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The Plastic Trap

Minister of Environment the Hon. Mark Scotland promotes reusable shopping bags in support of the Corporate Green Team Network's plastic bag reduction initiative.

Most people don't think twice about the plastic bags that hold their groceries, but the fact is, they add significantly to our already overflowing landfill.

—Minister for Environment the Hon. Mark Scotland

Cayman's shoppers use some 12 million plastic bags annually, a number the Department of Environment (DoE) and the Corporate Green Team Network aim to shrink through Cayman Become, their Earth Day (Thursday, 22 April) plastic bag reduction campaign.

"The amount of solid waste we generate and the lack of recycling options are among the network's biggest environmental concerns. To tackle this problem, the decision was taken to target the excessive use of plastic bags," explained Alee Fa'amoe, Chief Operating Officer at Deloitte Cayman, who helped set up the network with the DOE.

With this in mind, the DOE and the Green Team Network are promoting reusable shopping bags at supermarkets. Foster's Food Fair, Hurley's and Kirk Supermarket have also agreed to discourage the use of plastic bags, by charging a five cent fee per single-use plastic bag - an initiative that will start this June.

"A similar fee introduced in January in Washington DC has already reduced monthly plastic bag use from an average of 22.5 million to 3 million. We hope to see similar results in Cayman," said DoE Director Gina Ebanks-Petrie.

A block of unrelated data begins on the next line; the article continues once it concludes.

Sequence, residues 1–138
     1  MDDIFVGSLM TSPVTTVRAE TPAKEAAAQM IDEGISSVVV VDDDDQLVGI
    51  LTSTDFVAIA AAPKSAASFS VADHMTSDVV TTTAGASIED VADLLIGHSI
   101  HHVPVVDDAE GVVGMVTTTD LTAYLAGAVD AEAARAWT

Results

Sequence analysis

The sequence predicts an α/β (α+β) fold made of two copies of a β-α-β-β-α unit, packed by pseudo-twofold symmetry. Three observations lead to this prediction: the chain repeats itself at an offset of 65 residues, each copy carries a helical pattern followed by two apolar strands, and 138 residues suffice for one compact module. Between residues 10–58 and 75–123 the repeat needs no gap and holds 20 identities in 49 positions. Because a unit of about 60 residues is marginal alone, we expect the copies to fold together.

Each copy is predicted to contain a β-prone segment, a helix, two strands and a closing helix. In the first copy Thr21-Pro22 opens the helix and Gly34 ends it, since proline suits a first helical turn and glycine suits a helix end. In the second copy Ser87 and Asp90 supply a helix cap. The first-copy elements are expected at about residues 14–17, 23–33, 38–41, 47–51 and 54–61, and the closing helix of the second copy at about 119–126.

The Minister for Environment the Hon. Mark Scotland showed his support for the group's plans by joining Green Team Network members as they launched the campaign in stores: "Most people don't think twice about the plastic bags that hold their groceries, but the fact is, they add significantly to our already overflowing landfill.

"Charging for plastic bags is a strategy that is successfully used elsewhere. What is more, the plastic bag charge will be used for local environmental initiatives and finding more environmentally-responsible options to other supermarket packaging," the Minister said.

For information on the plastic bag reduction campaign, visit www.caymanbecome.ky.

For more information on the environmental impact of plastic bags, read Plastic Bags are Killing Us at www.salon.com/news/feature/2007/08/10/plastic_bags; The Real Cost of Plastic Bags at www.reusablebags.com/facts.php?id=2 and, Are Plastic Grocery Bags Sacking the Environment? at http://news.nationalgeographic.com/news/2003/09/0902_030902_plasticbags.html

What other countries have done:

  • Uganda and Bangladesh have banned all plastic bags.

  • Taiwan, Kenya and South Africa have introduced charges on the use of plastic bags.
  • China announced a nationwide ban on stores distributing free plastic bags from 1 June 2008. Thereafter supermarkets were required to charge for plastic bags. Also, the government banned production of ultra-thin bags less than 0.025mm thick.
  • Ireland now levies a 15 cent per bag charge which reduced plastic bag usage by up to 95 percent.
  • In America, San Francisco became the first city to ban plastic bags from large supermarkets and pharmacies.
  • Several UK urban centres banned plastic shopping bags (but the ban is not yet nationwide).

The Environmental Impact of Plastic Bags:

  • Plastic bags cause the deaths of over 100,000 sea turtles and other marine animals every year; animals can mistake them for food.
  • The manufacture of plastic bags adds tons of carbon emissions into the air annually.
  • Approximately 60-100 million barrels of oil are needed to make the world's plastic bags each year.
  • Most plastic bags take over 400 years to biodegrade. Some figures suggest that plastic bags may take over 1000 years to break down.

Source: www.natural-environment.com/

(GIS)

For further information contact: Cornelia Oliver